Yglesias, like many of his like-minded compatriots, presents these arguments as though they were all-or-nothing propositions. This is strange, inasmuch as they pretty clearly recognize the merits of such inquiry when coming from their own side: There are many people who believe that we spend far too much money on national security (I am among them), but only the most gap-toothed among us equate asking uncomfortable questions about military-spending priorities with abandoning national security categorically. Sometimes it makes sense to ask whether the federal government should be doing this at all. Very often it makes sense to ask, as one expects a Romney administration would, whether the federal government is going about this the right way.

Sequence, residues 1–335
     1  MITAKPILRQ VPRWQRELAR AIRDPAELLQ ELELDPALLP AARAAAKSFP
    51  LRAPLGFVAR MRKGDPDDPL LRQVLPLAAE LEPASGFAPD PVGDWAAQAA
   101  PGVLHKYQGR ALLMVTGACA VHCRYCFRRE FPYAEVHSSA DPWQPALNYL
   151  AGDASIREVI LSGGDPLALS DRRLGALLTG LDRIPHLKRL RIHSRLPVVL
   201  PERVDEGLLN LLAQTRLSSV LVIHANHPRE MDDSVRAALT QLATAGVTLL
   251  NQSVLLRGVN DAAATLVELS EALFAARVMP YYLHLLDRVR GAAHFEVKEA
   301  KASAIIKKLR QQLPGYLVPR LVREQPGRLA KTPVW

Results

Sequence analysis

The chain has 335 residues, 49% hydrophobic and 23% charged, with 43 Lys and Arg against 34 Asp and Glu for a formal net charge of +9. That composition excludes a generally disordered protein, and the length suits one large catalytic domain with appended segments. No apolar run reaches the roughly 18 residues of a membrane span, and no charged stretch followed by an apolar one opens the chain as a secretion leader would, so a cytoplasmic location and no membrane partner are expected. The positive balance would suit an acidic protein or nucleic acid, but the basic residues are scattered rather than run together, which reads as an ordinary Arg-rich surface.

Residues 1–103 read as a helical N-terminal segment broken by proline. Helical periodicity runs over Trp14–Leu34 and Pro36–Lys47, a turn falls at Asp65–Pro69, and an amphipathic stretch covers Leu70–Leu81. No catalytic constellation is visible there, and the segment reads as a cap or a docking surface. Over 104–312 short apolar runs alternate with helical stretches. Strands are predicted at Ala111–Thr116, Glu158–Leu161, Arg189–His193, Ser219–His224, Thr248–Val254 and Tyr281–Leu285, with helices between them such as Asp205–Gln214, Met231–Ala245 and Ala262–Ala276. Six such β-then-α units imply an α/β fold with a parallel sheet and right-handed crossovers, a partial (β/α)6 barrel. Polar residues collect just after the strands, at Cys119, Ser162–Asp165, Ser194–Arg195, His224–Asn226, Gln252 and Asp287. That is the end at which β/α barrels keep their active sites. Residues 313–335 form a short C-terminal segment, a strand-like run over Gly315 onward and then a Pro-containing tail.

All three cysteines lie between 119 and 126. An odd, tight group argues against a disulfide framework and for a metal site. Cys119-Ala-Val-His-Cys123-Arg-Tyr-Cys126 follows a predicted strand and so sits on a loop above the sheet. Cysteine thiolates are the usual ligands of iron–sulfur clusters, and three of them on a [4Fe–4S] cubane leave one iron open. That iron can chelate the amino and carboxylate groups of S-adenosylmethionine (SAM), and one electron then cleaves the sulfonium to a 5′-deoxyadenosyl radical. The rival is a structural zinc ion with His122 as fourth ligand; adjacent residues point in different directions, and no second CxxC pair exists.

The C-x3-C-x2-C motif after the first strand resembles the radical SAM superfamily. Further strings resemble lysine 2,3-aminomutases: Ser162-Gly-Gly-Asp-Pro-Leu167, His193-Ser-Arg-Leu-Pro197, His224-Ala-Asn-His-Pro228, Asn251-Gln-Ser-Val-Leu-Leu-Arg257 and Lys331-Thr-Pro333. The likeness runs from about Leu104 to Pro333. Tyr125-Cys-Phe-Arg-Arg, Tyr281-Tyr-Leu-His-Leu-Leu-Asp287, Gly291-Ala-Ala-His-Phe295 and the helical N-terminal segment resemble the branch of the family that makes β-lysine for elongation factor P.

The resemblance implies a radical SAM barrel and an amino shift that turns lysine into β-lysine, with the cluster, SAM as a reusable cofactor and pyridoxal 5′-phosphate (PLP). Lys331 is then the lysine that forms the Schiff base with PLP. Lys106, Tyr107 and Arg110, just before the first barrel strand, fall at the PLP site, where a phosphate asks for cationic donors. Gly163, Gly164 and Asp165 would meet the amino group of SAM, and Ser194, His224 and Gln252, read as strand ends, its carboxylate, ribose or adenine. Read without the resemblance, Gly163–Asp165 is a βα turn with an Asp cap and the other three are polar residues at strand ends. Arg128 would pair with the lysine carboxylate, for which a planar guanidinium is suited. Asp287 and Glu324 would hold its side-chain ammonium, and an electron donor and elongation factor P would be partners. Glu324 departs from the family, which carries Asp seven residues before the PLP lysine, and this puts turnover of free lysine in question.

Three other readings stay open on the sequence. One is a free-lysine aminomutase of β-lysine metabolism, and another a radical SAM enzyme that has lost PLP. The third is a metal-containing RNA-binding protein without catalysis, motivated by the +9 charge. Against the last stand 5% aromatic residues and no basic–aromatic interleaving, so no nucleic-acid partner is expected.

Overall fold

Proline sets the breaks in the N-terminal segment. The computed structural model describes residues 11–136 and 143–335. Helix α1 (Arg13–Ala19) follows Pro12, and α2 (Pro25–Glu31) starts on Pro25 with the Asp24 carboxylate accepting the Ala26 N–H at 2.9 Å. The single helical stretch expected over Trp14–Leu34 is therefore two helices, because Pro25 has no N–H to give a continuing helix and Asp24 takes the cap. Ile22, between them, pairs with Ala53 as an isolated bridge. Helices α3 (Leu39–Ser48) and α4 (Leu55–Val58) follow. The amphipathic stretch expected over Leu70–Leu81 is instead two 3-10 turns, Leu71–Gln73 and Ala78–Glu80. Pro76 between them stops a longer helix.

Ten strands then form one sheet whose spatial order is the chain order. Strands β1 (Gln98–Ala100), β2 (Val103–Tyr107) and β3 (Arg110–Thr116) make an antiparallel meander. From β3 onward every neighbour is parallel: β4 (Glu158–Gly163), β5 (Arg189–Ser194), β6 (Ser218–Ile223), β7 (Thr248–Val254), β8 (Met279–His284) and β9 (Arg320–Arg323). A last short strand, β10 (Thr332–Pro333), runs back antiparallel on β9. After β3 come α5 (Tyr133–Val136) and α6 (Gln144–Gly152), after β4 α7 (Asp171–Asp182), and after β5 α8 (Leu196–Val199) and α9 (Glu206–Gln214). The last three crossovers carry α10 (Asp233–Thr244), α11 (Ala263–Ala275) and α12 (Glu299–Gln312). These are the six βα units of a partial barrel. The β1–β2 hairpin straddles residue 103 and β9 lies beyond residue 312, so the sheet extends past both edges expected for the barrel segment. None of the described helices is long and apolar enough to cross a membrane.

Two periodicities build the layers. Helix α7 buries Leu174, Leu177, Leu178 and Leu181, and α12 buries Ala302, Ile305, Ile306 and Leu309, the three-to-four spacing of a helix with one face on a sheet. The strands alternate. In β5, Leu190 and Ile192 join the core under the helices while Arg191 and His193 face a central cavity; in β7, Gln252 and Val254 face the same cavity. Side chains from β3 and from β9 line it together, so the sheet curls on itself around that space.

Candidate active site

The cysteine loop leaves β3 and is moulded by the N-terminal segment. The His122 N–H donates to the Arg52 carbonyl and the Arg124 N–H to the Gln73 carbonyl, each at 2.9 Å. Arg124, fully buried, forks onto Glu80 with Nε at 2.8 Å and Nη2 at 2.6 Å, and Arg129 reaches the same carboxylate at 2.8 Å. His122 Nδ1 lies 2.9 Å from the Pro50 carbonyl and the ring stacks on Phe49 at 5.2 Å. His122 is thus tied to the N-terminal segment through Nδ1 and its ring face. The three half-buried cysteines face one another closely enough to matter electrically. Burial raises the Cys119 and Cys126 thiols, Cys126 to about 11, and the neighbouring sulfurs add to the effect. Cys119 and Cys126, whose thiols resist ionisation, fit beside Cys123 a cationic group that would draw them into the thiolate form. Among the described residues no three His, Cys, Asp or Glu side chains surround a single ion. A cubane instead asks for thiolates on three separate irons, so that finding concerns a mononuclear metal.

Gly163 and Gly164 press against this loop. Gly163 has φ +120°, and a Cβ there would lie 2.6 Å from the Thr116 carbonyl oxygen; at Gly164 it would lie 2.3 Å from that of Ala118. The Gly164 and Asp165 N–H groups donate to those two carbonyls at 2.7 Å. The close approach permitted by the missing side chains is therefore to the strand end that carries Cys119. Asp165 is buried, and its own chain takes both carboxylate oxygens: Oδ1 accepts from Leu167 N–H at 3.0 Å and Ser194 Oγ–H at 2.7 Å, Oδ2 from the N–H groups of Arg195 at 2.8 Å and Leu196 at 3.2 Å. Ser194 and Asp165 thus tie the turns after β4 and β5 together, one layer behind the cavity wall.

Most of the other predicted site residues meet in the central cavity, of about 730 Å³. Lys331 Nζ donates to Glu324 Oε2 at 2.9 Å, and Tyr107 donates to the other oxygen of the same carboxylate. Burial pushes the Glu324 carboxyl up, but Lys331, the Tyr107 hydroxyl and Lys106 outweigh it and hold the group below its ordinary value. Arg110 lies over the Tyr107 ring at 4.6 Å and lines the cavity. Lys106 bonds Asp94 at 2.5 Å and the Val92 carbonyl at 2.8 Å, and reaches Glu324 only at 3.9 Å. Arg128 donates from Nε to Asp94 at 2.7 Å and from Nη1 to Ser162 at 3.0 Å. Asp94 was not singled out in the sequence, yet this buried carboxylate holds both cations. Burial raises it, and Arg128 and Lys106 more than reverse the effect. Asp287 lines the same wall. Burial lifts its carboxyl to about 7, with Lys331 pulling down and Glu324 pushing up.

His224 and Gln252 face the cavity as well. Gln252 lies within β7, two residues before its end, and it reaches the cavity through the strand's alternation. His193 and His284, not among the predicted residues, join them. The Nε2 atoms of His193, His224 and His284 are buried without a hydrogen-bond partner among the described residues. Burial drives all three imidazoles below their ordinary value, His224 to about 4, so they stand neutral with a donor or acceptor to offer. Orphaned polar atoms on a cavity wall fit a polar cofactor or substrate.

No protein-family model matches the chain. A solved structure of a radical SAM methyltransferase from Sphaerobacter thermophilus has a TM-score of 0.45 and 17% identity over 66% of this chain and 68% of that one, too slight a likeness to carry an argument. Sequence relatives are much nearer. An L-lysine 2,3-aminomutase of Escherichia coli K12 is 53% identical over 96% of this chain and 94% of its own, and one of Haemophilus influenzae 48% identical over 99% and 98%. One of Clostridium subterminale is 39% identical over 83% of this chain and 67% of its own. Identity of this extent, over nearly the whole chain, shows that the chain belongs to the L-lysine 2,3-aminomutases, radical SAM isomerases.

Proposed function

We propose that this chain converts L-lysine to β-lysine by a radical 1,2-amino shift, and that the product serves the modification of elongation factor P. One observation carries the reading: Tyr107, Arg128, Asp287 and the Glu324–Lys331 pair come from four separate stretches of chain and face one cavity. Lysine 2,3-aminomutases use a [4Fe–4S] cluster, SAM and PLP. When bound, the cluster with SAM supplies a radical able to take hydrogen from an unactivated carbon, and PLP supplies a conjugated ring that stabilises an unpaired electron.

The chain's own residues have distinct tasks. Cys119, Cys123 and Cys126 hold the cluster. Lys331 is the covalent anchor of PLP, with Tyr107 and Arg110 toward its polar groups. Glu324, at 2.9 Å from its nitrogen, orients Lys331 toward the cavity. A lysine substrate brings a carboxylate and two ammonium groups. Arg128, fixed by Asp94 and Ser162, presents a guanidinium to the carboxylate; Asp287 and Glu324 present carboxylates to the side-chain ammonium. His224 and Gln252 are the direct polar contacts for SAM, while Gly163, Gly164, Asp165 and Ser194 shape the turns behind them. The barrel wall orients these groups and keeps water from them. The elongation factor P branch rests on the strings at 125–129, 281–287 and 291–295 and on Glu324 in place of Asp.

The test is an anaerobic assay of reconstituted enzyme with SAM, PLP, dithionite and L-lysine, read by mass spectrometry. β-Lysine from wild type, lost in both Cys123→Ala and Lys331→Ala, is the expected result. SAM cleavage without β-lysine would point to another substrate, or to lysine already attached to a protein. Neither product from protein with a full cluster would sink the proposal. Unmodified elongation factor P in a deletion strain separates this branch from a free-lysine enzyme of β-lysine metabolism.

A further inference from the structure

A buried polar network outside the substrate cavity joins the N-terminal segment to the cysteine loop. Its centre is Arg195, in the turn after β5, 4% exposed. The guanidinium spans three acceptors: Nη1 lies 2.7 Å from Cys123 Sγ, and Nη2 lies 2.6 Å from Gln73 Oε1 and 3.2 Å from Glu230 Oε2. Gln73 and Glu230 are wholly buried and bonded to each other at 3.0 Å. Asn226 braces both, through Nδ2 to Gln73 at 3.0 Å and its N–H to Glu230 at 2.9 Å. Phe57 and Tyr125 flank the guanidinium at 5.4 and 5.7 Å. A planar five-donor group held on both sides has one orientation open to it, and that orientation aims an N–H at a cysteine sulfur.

On the narrow question of FEMA, the answer is probably no. Like many otherwise worthwhile federal endeavors, including those that happen inside that famous five-sided building in Washington, FEMA has managed over the years to waste truly shocking amounts of money, e.g. spending $416,000 per capita to temporarily house people displaced by Hurricane Katrina, spending nearly $1 billion on manufactured homes that FEMA’s own regulations rendered unusable in many situations, etc. We all remember those $2,000 debit cardsthat were handed out like Christmas candy. In much the same way that some conservatives are more skeptical about foreign military actions when there is a Democratic president, liberals are better at recognizing government waste when there is a Republican president.